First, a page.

How old of regs would you use?

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Bowers

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I know that many regs can be serviced and used for decades as personal regs, but what about professional use? Our dive team regs are 20 year old aqualung glacia’s. They can still be serviced so we still use them. They have the larger diameter primary reg lp port and seem to have problems needing replacement pieces more than i would expect out of my newer personal regs. Is anyone aware of a standard or just have advise on when it’s time for a professional department to consider new regs? Is there a timeframe in years, or just when they are too busted to reasonably service?
 

chillyinCanada

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kelemvor

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I would definitely not use a regulator made before 1950.

Sounds like you might be talking about a fire department or other professional dive team. If so, I'd replace them if you can't get the parts from the manufacturer or their resellers. If you're having to chase down parts from third party manufacturers then you could run into a whole host of problems.

Some regulators are inexpensive enough that they barely cost more than service kits + labor. I think that's why you see so many HOG regulators on the used market. Not saying they're bad, but if it's only a few dollars more to just get a new one then why pay for service at all?
 

Marie13

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Public safety dive team? Yeah, sounds like you guys need new regs.
 

Bigbella

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Provided that the equipment is well-maintained and that the manufacturer still offers spare parts and service kits, the lifespan of most any regulator is open-ended.

Our oldest regulators, still pressed into regular use, actually date from 1975-6; and we service everything in-house . . .
 

Dan

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My 2005 regs (Scubapro MK25 / S600) is still working fine. I had them serviced every 2 years with average cost ~ $200 / service.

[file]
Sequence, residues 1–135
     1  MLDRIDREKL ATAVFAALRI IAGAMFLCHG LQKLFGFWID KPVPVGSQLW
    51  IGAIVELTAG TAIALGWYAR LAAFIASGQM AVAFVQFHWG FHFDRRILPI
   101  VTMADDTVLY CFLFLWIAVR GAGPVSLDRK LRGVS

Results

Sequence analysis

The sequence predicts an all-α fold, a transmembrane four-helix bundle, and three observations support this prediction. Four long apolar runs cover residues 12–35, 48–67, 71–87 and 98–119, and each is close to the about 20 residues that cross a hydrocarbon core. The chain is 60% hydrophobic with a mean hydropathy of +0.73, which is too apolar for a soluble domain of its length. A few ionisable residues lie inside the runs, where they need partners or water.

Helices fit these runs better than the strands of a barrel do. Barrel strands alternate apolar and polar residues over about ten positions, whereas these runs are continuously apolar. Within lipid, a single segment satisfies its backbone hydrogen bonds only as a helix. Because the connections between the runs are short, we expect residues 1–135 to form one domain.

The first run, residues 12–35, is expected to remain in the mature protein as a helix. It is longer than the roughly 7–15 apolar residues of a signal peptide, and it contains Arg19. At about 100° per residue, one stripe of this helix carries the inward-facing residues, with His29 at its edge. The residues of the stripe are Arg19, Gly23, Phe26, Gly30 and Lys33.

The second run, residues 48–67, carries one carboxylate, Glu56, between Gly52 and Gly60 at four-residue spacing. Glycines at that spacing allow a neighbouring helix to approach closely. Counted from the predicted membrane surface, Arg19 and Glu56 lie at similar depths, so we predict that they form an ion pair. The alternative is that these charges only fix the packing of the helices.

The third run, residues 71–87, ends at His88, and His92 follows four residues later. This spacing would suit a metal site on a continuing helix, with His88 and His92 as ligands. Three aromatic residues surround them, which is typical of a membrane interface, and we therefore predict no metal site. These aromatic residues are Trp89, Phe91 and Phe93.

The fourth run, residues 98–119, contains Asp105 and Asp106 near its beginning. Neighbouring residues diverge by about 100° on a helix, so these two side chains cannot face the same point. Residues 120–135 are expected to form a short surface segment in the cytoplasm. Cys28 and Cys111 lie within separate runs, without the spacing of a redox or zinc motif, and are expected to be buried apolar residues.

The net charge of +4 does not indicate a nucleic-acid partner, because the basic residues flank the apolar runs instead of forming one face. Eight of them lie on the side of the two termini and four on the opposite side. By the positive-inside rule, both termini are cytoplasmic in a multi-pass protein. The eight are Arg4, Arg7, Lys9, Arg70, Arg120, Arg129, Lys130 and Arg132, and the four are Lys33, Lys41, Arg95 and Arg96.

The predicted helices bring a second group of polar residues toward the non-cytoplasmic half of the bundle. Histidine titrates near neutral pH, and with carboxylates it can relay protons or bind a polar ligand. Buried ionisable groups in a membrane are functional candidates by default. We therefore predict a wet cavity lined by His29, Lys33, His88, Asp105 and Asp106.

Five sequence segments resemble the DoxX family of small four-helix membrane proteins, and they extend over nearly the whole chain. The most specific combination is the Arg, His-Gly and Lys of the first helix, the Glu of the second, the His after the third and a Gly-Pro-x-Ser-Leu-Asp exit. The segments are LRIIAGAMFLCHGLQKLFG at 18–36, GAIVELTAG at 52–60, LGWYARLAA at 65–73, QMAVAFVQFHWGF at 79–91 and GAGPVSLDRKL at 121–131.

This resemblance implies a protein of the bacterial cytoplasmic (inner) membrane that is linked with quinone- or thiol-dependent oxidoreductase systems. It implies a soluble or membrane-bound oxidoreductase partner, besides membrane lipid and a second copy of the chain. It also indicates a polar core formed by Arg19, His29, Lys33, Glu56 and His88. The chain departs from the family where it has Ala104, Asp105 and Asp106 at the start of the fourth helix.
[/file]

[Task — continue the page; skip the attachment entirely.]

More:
chillyinCanada

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I've been diving my regs for about 27 years. They will probably be my last set too.

That said, I'm not on a rescue team. If team members have lost faith in their regs, they should check the teams budget to see what can be done.
 

rsingler

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Provided that the equipment is well-maintained and that the manufacturer still offers spare parts and service kits, the lifespan of most any regulator is open-ended.

Our oldest regulators, still pressed into regular use, date from 1975-6; and we service everything in-house . . .
^-- This

Simple mechanical devices. If there are spares, lifetime unlimited.
That said, most are chromed brass - lifetime not unlimited. You can only polish a knife edge so many times. Seawater is not kind to brass.

The test? @couv 's Regulator Checklist
Regulator Inspection and Checklist (Rev-8)
 

Johnoly

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.. for a professional department to consider new regs? ...
My question would be " Why are you not using full face with surface communication " to be the a Safe Professional Department ??
 

AfterDark

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I used my regulator from 1968 up until last year when I retired it for parts and bought a few lightly used like it on Ebay; serviced, upgraded/retro fitted all of them. All are fine breathing reliable regulators, IMO proven by time, divers and being copied by almost everyone in the business to be among the best ever made. They are solid navy brass and still have a lot of the chrome on them. There have been only minor free flows fix by turning the adjusting knob in a bit, during the 50+ years on the original regulator which doesn't happen anymore since I started servicing my own. The kits are made with modern materials like silicone and nitrox friendly O-rings. The external looks old but the internals are up to date.

If I get the time to teach my Grandson how to service these regulators and he can still get parts 30 years from now I think those bad boys will still be working.

That being said IMO you all should get upgraded/new and improved gear every 5 years and not just SCUBA gear, whatever it takes to do your gig as well as possible. After all job 1 of any municipality is the protection of it's citizens, or it was until recently.
 
https://www.shearwater.com/products/teric/

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